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Monday, April 2, 2018

Less is better

Roadside mowing not necessary to combat invasive species
Sara Wigginton
URI graduate student Sara Wigginton poses by a Rhode Island roadside
during her research on roadside mowing and invasive species.
(Photo courtesy of Sara Wigginton)
A University of Rhode Island graduate student studying the varying mowing practices used along Rhode Island roadsides has found that a reduction in mowing does not result in a proliferation of invasive species, as some researchers have previously suggested.

“There is a national trend to reduce the amount of mowing that occurs on rscioadsides because it’s expensive and takes a lot of effort,” said Sara Wigginton, a doctoral student from Glendale, Ky, who completed the research as part of her studies for a master’s degree. 

“But there have been worries that decreased mowing will make invasive species proliferate and get to the point where we can’t do anything about them.”

Her research, funded by the Rhode Island Department of Transportation, was published this month in the journal Ecological Restoration.

According to Wigginton, Rhode Island reduced its roadside mowing regime about six years ago, as did dozens of other states. 

In some areas, transportation workers still mow from 3 to 6 times per year; in others, which Wigginton calls passive restoration sites, mowing only occurs in a narrow strip closest to the road to ensure driver visibility; and elsewhere mowing has been stopped completely and the sites have become forested.

Working with URI Professor Laura Meyerson, Wigginton identified 15 roadsides along limited-access highways, including Interstates 95 and 295 and Route 138, with each of the three mowing schedules represented. 

In plots at each site, she identified the plants and estimated their density, and she determined whether each plant species was native to Rhode Island, introduced or invasive.

“Our main conclusion was that there was no difference between the mowed and restored sites,” Wigginton said.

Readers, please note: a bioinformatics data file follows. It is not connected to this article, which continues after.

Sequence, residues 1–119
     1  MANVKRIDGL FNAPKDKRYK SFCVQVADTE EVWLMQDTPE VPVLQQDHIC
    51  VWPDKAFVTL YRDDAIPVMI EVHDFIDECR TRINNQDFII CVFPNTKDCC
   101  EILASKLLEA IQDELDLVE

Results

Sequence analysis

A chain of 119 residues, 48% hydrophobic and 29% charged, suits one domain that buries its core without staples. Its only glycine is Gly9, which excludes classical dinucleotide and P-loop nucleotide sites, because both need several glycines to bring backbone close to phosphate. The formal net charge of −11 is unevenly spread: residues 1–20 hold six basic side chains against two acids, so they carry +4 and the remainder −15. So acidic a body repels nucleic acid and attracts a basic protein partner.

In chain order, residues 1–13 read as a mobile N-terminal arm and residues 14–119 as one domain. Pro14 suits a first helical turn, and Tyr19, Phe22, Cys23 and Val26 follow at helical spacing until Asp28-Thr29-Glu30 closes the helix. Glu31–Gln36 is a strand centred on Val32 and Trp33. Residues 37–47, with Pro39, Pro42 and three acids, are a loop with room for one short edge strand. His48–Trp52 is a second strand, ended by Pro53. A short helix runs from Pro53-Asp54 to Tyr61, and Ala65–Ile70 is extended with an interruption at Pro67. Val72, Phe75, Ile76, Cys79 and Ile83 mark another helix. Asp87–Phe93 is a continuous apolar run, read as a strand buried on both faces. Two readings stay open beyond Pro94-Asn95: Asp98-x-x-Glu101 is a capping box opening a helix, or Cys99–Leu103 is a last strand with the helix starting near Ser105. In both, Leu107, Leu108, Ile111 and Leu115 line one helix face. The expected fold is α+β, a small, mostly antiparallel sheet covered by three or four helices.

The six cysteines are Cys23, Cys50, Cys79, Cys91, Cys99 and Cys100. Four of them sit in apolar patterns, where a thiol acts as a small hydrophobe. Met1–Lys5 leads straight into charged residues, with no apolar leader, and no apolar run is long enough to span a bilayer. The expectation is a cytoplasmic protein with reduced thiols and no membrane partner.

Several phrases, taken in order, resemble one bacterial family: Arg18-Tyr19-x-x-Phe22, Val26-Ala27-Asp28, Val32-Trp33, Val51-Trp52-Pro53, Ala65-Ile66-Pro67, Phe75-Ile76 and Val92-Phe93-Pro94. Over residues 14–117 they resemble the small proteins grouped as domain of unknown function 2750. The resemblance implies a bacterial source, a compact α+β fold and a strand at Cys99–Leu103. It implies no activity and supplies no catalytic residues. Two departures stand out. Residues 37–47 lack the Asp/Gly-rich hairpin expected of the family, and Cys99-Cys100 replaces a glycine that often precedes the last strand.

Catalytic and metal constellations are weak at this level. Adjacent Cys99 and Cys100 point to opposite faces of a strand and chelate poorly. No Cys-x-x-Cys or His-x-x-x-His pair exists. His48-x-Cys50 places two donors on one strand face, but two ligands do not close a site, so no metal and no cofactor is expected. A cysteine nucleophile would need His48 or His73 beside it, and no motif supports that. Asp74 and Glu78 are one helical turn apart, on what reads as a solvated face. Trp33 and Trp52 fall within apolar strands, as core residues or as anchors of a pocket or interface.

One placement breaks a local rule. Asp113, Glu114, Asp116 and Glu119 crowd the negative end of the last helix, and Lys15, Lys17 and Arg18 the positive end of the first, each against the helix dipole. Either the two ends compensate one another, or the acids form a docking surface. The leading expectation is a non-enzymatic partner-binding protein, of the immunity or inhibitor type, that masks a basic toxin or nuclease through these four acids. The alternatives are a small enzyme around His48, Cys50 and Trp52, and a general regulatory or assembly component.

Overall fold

“The sites that were mowed like a lawn had no difference in terms of native, introduced or invasive species than the sites undergoing passive restoration. The two ecosystems aren’t behaving any differently.”

That means, she added, that the Department of Transportation can proceed with its reduced mowing plan without any concern that invasive species will become a nuisance.

Previous research elsewhere found that some invasive species, especially shrubby species like multiflora rose and Asiatic bittersweet, must be mowed regularly to ensure they are kept under control. 

But while Wigginton did detect those species in slightly higher abundance in the forested sites, she found that they were not a problem in the passive restoration sites.

“Our recommendation to the Department of Transportation is to stop mowing,” she said. “About half of the states are moving toward a sustainable vegetation management plan, and all include the reduction or elimination of mowing. We’re in good company.”

While the main focus of Wigginton’s research was on the effect of reduced mowing on invasive species growth, she also found that reducing or eliminating roadside mowing would also save about $30,000 in fuel costs. It would also reduce greenhouse gas emissions by eliminating the 230,000 kilograms of carbon dioxide emitted each year by the mowers.

“And there is the potential to increase the ecosystem services provided by roadsides, which has an economic value, including erosion control, carbon sequestration, and wildlife habitat,” said Wigginton. “We didn’t observe any rare plants in our surveys, though previous studies by URI Professor Rebecca Brown found evidence of some.”

She also recommends that the Department of Transportation consider a plan that would involve mowing every few years on a rotating basis to provide habitat diversity for local wildlife. Such a plan may require the involvement of wildlife biologists to ensure that wildlife – and people – are not put at risk, Wigginton added.